Sunday, December 11, 2011

What would happen if there was a by-election in Epsom and National won?

Let's say, for some reason, John Banks was unable to serve a full term as MP for Epsom. A by-election is held and a National candidate, rather than an ACT candidate wins.

According to my calculations at http://www.elections.org.nz/calculator/index.html (and using these results) this creates a Parliament of 121 seats, and the following blocs of parties:

National + United = 60
Green + Labour + Mana = 50
Maori = 3
New Zealand First = 8

That immediately creates some exciting options for coalitions and re-negotiation of confidence and supply agreements.

It would also take rhetorically take off the table everything that National and ACT agreed to in their confidence and supply agreement.

Is that right? Am I missing anything in my workings-out?

EDITED TO ADD: Graeme Edgeler posts about an even more intricate version of this type of scenario, here. Extrapolating from his post, it seems that ACT would not disappear from Parliament after this result:
[A] policy decision was taken that finality was more important than proportionality, and the possibility that an election petition (or by-election) could change multiple seats (e.g. by removing a party from Parliament because it no longer passed the one seat threshold) months after an election was thought to be the greater evil.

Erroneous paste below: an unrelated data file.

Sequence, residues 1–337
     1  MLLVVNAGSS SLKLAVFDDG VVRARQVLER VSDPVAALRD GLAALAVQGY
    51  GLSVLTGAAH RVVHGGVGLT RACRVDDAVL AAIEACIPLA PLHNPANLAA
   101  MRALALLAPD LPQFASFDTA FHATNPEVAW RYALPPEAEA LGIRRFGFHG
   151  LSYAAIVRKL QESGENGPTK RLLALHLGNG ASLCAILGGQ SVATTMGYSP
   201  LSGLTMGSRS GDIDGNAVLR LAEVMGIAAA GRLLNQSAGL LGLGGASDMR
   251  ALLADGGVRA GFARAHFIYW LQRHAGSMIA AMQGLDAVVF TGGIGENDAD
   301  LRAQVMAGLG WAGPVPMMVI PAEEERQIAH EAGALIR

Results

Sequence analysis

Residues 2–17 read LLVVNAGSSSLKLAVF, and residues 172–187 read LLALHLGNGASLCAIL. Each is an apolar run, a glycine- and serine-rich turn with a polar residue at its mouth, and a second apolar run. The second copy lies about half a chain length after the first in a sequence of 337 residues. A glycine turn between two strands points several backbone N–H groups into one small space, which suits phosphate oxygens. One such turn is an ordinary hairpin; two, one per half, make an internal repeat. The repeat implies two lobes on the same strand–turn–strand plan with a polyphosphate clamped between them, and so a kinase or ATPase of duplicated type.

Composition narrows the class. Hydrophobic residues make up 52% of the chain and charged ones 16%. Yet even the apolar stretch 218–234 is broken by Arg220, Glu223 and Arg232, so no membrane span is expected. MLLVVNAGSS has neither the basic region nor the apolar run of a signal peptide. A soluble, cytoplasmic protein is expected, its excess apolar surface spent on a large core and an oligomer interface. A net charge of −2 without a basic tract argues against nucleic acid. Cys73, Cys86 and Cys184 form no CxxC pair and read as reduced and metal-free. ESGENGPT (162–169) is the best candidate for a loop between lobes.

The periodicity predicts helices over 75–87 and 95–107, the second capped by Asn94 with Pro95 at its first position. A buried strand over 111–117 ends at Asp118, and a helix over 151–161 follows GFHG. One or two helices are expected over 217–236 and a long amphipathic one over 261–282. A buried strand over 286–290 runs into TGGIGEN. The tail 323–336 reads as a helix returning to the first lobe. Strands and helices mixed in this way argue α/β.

5 comments:

Michael Sands said...

As I recall, the party list allowances are not recalculated due to a by-election.

Steve Hickey said...

Did I cover that by keeping National's allocation of MPs at 59, or do you mean something else?

I was imagining the total number of MPs stays the same, with one list MP dropping off as the new electorate MP comes in.

Steve Hickey said...

Oh, wait. I see what you mean: that even under this scenario, ACT would still have 1 MP in Parliament (presumably their #2: ... Catherine Isaac?).

Steve Hickey said...

Just checked http://www.elections.org.nz/elections/by-elections.html

According to that site:

"A by-election result can change the proportionality of Parliament that was determined at the preceding general election (for example, if a by-election is won by a candidate representing a different party from that of the member who vacated his or her seat)."

Karen said...

So National would lose a list MP, and since ACT's seat is based on their holding Epsom, they would be out.

I think this is why Key still signed a deal with the Maori party though he doesn't currently need them... He is presumably hoping they'll honour it if something like this happens.